This thesis evaluates some commonly used socio-economic classification systems. Some of the systems evaluated have been used for many years in the market research industry in New Zealand whilst others are recent additions or are more commonly used in the United Kingdom.
The main objective of this study was to test the ability of the systems to predict purchasing levels of consumer products and services. The second objective was to evaluate how well the various systems predict brand choice.
A sample of 1596 respondents was provided by AGB McNair from their media survey database. Multiple regression was used to predict the level of usage of each product, with the adjusted R valua of the equation as the measure of the power of the classification system. Nominal variables, such as brand last used, were crosstabulated against the classification categories, and Lambdas calculated. A further measure of the ability of the classification systems to predict brand choice was obtained by performing discriminant analysis, which generated classification tables. The percentage of cases correctly classified provided a further measure of performance.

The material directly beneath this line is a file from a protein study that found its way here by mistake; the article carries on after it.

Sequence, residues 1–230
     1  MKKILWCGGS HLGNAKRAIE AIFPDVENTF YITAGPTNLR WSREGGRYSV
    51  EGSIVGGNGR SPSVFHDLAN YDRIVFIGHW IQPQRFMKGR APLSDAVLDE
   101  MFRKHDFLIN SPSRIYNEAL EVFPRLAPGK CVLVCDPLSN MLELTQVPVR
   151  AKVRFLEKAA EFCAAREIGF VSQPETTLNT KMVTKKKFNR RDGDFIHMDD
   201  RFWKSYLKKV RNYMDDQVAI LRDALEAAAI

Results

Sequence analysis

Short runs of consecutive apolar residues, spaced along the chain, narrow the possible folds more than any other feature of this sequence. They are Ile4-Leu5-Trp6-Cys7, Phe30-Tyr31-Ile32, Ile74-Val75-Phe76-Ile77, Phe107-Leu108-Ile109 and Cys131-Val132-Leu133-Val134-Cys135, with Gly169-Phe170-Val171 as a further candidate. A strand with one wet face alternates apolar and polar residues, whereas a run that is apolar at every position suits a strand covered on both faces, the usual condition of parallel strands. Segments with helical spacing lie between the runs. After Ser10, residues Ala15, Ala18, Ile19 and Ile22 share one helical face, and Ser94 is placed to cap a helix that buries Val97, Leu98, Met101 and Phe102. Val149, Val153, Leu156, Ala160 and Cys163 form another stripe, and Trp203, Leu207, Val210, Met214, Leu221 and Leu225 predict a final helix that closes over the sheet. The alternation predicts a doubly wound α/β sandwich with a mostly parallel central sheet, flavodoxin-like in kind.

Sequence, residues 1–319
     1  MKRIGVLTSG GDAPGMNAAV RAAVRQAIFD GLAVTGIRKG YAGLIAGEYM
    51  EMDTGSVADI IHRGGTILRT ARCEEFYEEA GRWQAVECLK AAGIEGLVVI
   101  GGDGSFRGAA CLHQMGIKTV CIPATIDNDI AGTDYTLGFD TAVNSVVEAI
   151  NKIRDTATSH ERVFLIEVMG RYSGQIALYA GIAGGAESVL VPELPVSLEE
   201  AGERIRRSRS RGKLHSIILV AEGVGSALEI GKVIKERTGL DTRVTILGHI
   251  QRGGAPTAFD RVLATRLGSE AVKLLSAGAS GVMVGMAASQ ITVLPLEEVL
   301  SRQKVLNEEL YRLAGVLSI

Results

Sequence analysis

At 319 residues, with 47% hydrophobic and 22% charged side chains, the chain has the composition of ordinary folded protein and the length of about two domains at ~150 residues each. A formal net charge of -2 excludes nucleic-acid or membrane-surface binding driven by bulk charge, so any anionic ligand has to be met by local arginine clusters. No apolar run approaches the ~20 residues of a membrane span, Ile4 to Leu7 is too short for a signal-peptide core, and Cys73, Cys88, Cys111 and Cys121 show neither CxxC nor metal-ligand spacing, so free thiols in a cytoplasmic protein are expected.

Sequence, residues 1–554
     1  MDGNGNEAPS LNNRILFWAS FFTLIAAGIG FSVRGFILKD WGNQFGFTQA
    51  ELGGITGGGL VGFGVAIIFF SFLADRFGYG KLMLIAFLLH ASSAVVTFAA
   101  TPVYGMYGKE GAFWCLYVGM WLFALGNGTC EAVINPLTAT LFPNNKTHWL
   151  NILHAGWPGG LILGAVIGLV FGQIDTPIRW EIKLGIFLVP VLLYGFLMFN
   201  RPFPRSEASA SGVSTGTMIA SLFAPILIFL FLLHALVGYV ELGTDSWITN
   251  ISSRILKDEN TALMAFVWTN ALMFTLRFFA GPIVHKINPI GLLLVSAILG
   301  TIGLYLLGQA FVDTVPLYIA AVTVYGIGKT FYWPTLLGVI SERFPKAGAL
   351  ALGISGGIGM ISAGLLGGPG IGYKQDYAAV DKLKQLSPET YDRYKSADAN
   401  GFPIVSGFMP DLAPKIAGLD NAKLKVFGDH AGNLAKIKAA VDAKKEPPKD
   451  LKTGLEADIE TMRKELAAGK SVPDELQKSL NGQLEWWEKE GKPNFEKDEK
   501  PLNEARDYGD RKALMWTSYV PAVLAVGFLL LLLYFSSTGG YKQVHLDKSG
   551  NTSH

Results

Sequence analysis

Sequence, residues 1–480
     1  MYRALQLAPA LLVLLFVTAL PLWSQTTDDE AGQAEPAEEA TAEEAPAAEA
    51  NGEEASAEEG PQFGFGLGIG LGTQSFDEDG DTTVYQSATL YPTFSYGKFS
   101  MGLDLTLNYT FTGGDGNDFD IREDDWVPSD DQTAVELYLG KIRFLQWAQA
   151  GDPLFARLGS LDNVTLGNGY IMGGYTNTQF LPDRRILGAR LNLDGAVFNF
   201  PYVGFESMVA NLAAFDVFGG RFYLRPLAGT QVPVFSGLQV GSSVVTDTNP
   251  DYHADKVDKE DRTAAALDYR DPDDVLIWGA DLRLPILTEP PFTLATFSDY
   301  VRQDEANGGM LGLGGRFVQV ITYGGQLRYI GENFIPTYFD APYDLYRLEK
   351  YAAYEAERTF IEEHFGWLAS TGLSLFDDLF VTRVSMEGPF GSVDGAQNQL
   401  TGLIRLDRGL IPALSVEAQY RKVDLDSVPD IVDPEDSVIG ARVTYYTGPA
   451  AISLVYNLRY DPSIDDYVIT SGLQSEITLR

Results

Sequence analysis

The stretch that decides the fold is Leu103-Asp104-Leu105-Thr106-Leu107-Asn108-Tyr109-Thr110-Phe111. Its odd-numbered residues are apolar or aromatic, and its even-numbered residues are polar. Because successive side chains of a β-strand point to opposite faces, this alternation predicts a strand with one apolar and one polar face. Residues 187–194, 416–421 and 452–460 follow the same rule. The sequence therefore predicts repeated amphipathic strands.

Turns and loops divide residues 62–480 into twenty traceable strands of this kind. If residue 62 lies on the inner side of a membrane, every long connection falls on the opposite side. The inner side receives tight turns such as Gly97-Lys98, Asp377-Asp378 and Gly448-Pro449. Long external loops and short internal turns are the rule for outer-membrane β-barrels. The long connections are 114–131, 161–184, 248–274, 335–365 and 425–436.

The various classification systems were not very good at predicting purchasing behaviour. The better systems accounyted for about 2% or 3% of the variation in quantities purchased. The various classification systems were also not very good at predicting brand choice. Even though the various classification systems explained little of the variation in quantities purchased and brand choices, they are still very useful. The socio-economic classification systems can be used as a starting poing from which better preditors of purchasing behaviour can be developed.